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Crisis accountability and aged “care” during COVID-19

Crisis accountability and aged “care” during COVID-19 This study aims to fill the gaps in mandated reports with social accounts to provide more inclusive accountability during a crisis using the illustrative example of Anglicare’s Newmarch House during a deadly COVID-19 outbreak.Design/methodology/approachThis study uses a close-reading method to analyse Anglicare’s annual review, reports, board meeting minutes and Royal Commission into Aged Care submissions. Informed by Foucault’s concept of biopolitics, the study collocates alternate “social accounts” in the form of investigative journalism, newspaper articles and media commentary on the events that transpired at Newmarch House to unveil a more nuanced and human-centric rendering of the ramifications of a public health/aged care crisis.FindingsCOVID-19 exacerbated pre-existing issues within the aged care sector, exemplified by Newmarch House. The privileging of financial concerns and lack of care, leadership and accountability contributed to residents’ physical, emotional and psychological distress. The biopolitical policy pursued by powerful actors let die vulnerable individuals while simultaneously making live more productive citizens and “the economy”.Research limitations/implicationsOrganisations express their accountability by using financial information provided by accounting, even during circumstances with more prevailing humanistic concerns. A transformational shift in how we define, view and teach accounting is required to recognise accounting as a social and moral practice that should instead prioritise human dignity and care for the betterment of our world.Originality/valueThis paper contributes to the limited literature on aged care, extending particularly into the impact of COVID-19 while contributing to the literature concerned with crisis accountability. To the best of the author’s knowledge, this paper is also the first to examine a form of biopolitics centred on making live something other than persons – the economy. http://www.deepdyve.com/assets/images/DeepDyve-Logo-lg.png Meditari Accountancy Research Emerald Publishing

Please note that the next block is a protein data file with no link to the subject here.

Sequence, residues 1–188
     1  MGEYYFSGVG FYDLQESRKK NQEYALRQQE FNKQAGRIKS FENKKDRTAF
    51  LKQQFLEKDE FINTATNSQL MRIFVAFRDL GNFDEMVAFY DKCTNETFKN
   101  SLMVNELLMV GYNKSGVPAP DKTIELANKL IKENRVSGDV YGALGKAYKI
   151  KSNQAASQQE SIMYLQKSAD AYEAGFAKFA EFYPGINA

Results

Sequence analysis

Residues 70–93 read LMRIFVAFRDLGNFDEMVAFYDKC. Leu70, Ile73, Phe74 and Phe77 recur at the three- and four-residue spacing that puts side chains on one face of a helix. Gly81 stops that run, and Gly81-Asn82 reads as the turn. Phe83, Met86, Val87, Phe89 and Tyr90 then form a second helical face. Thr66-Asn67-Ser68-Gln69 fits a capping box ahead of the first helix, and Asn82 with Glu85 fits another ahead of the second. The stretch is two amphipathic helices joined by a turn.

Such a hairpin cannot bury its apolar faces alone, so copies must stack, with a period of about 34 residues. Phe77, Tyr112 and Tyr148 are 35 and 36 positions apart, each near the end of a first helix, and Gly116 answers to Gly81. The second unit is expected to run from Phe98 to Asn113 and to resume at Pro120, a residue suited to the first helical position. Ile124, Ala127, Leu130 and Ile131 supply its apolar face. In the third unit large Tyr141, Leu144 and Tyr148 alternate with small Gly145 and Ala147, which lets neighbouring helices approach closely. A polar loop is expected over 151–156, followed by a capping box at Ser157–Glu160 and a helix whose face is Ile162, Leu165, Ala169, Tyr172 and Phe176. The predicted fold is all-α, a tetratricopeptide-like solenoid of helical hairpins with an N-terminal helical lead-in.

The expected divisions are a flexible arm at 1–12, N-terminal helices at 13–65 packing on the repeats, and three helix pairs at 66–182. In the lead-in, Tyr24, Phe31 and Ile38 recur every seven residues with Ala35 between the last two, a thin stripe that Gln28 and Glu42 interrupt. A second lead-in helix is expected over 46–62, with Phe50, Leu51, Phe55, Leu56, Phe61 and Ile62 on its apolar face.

Crisis accountability and aged “care” during COVID-19

Meditari Accountancy Research , Volume 31 (1): 25 – Feb 7, 2023

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References (104)

Publisher
Emerald Publishing
Copyright
© Emerald Publishing Limited
ISSN
2049-372X
eISSN
2049-372X
DOI
10.1108/medar-05-2021-1296
Publisher site
See Article on Publisher Site

Abstract

This study aims to fill the gaps in mandated reports with social accounts to provide more inclusive accountability during a crisis using the illustrative example of Anglicare’s Newmarch House during a deadly COVID-19 outbreak.Design/methodology/approachThis study uses a close-reading method to analyse Anglicare’s annual review, reports, board meeting minutes and Royal Commission into Aged Care submissions. Informed by Foucault’s concept of biopolitics, the study collocates alternate “social accounts” in the form of investigative journalism, newspaper articles and media commentary on the events that transpired at Newmarch House to unveil a more nuanced and human-centric rendering of the ramifications of a public health/aged care crisis.FindingsCOVID-19 exacerbated pre-existing issues within the aged care sector, exemplified by Newmarch House. The privileging of financial concerns and lack of care, leadership and accountability contributed to residents’ physical, emotional and psychological distress. The biopolitical policy pursued by powerful actors let die vulnerable individuals while simultaneously making live more productive citizens and “the economy”.Research limitations/implicationsOrganisations express their accountability by using financial information provided by accounting, even during circumstances with more prevailing humanistic concerns. A transformational shift in how we define, view and teach accounting is required to recognise accounting as a social and moral practice that should instead prioritise human dignity and care for the betterment of our world.Originality/valueThis paper contributes to the limited literature on aged care, extending particularly into the impact of COVID-19 while contributing to the literature concerned with crisis accountability. To the best of the author’s knowledge, this paper is also the first to examine a form of biopolitics centred on making live something other than persons – the economy.

Journal

Meditari Accountancy ResearchEmerald Publishing

Published: Feb 7, 2023

Keywords: Aged care; Death; Social accounts; Biopolitics; COVID-19; Crisis accountability

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